Klimt created a bridge to our heart through a very symbolic play of purely graphic figures of design and talismanic elements. His surfaces were built up with a millefiori of jewel-like mosaics, encrustations and arabesques, amidst a matrix of an interstellar Cosmic field. Gold Leaf is all over the place. Somehow this speaks of his upper class mythology of enriched Viennese clientele. His father was an engraver, so drawing was in his blood; and also gold and precious metals. Gustav received his formal training at the University of Applied Arts in Vienna from 1876-1883 out of which he inherited a very academic style. His brother Ernst went there as well, and upon graduation they worked together on collaborative art commissions. They were close.
You get the picture from this above painting by Klimt that he painted early in his career for one of the many cultural buildings in the fin de siècle Vienna. He began his professional life painting interior murals and ceilings in large public buildings, including a successful series of “Allegories and Emblems,” of which the work “Idylle” is one. It was not until after 1892, the year both his Father and brother Ernst died, that his soul searching led him to a more unique style of his own, for which he is recognized today. He began with Mythological Figures, such as Pallas Athena shown below. His commonly recognized style of using resplendent Gold and strong purely graphic elements began to emerge.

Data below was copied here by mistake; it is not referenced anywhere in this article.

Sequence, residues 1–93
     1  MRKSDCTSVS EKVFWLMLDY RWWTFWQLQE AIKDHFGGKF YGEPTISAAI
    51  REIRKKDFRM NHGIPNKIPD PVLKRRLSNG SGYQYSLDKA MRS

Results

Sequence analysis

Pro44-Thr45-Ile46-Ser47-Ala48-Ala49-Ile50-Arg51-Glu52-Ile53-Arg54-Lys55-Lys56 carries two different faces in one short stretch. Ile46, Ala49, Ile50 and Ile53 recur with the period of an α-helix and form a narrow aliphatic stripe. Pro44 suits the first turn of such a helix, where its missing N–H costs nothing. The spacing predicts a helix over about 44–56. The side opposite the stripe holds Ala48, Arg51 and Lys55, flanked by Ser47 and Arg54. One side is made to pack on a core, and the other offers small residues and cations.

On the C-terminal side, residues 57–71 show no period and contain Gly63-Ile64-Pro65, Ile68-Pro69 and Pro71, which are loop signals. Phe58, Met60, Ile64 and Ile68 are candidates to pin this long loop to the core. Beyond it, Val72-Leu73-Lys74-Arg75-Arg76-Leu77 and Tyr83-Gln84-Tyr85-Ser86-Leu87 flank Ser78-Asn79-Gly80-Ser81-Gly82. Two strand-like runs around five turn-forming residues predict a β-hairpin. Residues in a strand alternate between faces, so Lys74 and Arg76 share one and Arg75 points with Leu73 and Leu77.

These explorations of more symbolic themes and strong elements of pure design began to infiltrate Klimt’s subject matter. But one thing was certain, he was obsessed with the female form. If anyone could say the Muse of Painting for the artist is the naked female body, that would be true of Klimt. Even adorned in the millefiori of decorative swirls, cubes, and gold totems of the artistic apparel of his subjects, there is always an implied nakedness underneath the embellished raiment of these Goddess-like women. His earlier murals in the Kunsthistorisches Museum Vienna embody this passion for the female nude body quite openly.